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MARKER DATABASE
“Bite-Size Bits of Local, National, and Global History”
“Bite-Size Bits of Local, National, and Global History”
Grand Island in Erie County, New York — The American Northeast (Mid-Atlantic)
 

For the Birds

A Natural Habitat Re-Created for Wildlife and Bird Watchers Alike

 
 
For the Birds Marker image. Click for full size.
Photographed By Anton Schwarzmueller, January 27, 2017
1. For the Birds Marker
Inscription.  The Little Beaver Island marsh is a small, but important piece of the globally important Niagara River bird area. Each year dozens of species migrate, feed, and nest along the Niagara River at this and other locations such as east River Marsh, Motor Island, and Strawberry Island.

Habitat improvement efforts undertaken by the New York Power Authority and New York State Parks, in conjunction with the New York State Department of Environmental Conservation, are helping to re-create habitat for dozens of bird species.

The wetland and surrounding area is home to songbirds like Golden Crowned Kinglets and Baltimore Orioles as well as wetland birds such as Belted Kingfishers, Tundra Swans, and Great Blue Herons.

The platform in the middle of the wetland is intended for Osprey to perch and nest on.

[insets:] Bald Eagle Haliaeetus leucocephalus, Boneparte's Gull Chroicocephalus philadelphia, Baltimore Oriole Icterus galbula , Belted Kingfisher Megaceryle alcyon, Spotted Sandpiper Actitis macularius, Black Crown Night Heron Nycticorax nycticorax, White Egret Ardea alba, Great
For the Birds Marker - Southward image. Click for full size.
Photographed By Anton Schwarzmueller, January 27, 2017
2. For the Birds Marker - Southward
Restoring Nature and For the Birds markers by the lagoon, along the dead end road to Little Beaver Island (area 5). The water beyond the road curve is the west branch of the Niagara River.
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Blue Heron Ardea herodias, Osprey Pandion haliaetus, Golden Crowned King Regulus satrapa, Tundra Swan Cygnus columbianus, Red-tailed Hawk Buteo jamaicensis
 
Erected by New York Power Authority.
 
Topics. This historical marker is listed in these topic lists: AnimalsEnvironment. A significant historical year for this entry is 2010.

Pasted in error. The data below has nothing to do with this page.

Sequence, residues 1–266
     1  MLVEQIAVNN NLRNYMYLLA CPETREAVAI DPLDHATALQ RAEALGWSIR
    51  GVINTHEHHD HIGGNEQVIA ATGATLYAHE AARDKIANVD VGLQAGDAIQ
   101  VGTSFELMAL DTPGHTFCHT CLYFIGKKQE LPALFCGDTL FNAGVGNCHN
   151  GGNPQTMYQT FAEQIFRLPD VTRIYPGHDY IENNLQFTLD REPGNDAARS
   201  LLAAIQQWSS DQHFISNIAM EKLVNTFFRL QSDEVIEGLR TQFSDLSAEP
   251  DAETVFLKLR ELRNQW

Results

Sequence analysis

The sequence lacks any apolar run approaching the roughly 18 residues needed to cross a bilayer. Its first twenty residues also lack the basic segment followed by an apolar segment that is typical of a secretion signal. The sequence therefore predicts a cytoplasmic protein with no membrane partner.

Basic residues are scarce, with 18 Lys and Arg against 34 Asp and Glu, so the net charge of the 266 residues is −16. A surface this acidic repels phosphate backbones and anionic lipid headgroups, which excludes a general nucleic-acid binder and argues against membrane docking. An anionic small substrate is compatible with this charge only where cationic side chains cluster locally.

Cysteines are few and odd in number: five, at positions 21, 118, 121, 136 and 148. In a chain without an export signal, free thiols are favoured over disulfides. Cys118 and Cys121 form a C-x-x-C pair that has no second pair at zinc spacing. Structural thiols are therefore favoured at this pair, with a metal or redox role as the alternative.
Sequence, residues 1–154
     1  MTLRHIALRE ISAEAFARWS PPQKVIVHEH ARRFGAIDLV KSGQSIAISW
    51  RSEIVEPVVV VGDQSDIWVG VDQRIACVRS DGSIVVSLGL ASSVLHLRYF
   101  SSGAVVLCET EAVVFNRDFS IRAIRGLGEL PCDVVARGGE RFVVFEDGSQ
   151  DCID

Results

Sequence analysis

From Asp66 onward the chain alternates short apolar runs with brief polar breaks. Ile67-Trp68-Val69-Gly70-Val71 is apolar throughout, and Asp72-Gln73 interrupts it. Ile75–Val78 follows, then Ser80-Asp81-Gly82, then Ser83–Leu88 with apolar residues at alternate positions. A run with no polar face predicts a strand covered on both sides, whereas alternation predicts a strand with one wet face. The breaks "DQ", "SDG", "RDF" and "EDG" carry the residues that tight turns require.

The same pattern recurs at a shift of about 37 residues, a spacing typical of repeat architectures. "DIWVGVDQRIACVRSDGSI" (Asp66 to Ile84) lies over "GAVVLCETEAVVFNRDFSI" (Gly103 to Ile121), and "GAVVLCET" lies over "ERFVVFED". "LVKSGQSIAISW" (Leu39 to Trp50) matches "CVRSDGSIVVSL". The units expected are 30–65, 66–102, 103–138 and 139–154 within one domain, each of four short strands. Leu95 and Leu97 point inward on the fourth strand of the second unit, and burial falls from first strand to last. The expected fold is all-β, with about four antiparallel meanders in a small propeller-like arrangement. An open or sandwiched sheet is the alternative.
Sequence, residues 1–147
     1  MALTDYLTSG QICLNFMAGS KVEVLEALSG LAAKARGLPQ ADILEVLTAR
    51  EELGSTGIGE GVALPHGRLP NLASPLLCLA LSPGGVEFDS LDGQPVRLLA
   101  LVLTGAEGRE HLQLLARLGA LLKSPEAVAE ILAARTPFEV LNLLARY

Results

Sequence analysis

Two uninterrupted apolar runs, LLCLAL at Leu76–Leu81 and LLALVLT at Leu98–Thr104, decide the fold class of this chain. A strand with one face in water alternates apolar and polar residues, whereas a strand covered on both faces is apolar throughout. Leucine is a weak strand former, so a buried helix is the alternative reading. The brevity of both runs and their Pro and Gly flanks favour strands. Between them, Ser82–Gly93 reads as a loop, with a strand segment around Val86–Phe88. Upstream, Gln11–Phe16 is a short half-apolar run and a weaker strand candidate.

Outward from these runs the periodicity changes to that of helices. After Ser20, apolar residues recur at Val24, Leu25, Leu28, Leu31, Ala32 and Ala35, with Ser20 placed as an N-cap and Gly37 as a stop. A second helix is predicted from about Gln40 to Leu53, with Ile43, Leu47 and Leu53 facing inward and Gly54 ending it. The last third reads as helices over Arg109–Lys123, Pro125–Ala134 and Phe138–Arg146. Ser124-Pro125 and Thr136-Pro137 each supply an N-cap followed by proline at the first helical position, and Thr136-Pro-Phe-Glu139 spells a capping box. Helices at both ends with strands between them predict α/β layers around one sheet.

Location. 42° 57.742′ N, 78° 57.747′ W. Marker is in Grand Island, New York, in Erie County. Marker is on Park Road to Lot 5, on the left when traveling south. Marker is in area 4 of Beaver Island State Park along the road to area 5. Touch for map. Marker is in this post office area: Grand Island NY 14072, United States of America. Touch for directions.
 
Other nearby markers. At least 8 other markers are within 2 miles of this marker, measured as the crow flies. Restoring Nature (here, next to this marker); Grover Cleveland & Grand Island / Lewis F. Allen & Western New York (approx. 1.1 miles away); Allenton Farm/Creating Beaver Island State Park (approx. 1.1 miles away); Bedell House 1877 - 1935 (approx. 1.1 miles away); Island Life (approx. 1.2 miles away); Strawberry Island (approx. 1.2 miles away); Did You Ever Wonder What It Takes to Restore an Island? (approx. 1.2 miles away); Recovery (approx. 1.2 miles away). Touch for a list and map of all markers in Grand Island.
 
Also see . . .  Beaver Island - New York State Office of Parks, Recreation & Historic Preservation
For the Birds Marker (right), Restoring Nature Marker (left) image. Click for full size.
Photographed By Anton Schwarzmueller, January 27, 2017
3. For the Birds Marker (right), Restoring Nature Marker (left)
. Vehicle entrance fee collected in season. (Submitted on January 27, 2017, by Anton Schwarzmueller of Wilson, New York.) 
 
Opposite End of Lagoon image. Click for full size.
Photographed By Anton Schwarzmueller, January 27, 2017
4. Opposite End of Lagoon
On the pedestrian bridge from area 1 to Little Beaver Island (area 5).
 
 
Credits. This page was last revised on January 27, 2017. It was originally submitted on January 27, 2017, by Anton Schwarzmueller of Wilson, New York. This page has been viewed 158 times since then and 12 times this year. Photos:   1, 2, 3, 4. submitted on January 27, 2017, by Anton Schwarzmueller of Wilson, New York.

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Jun. 25, 2022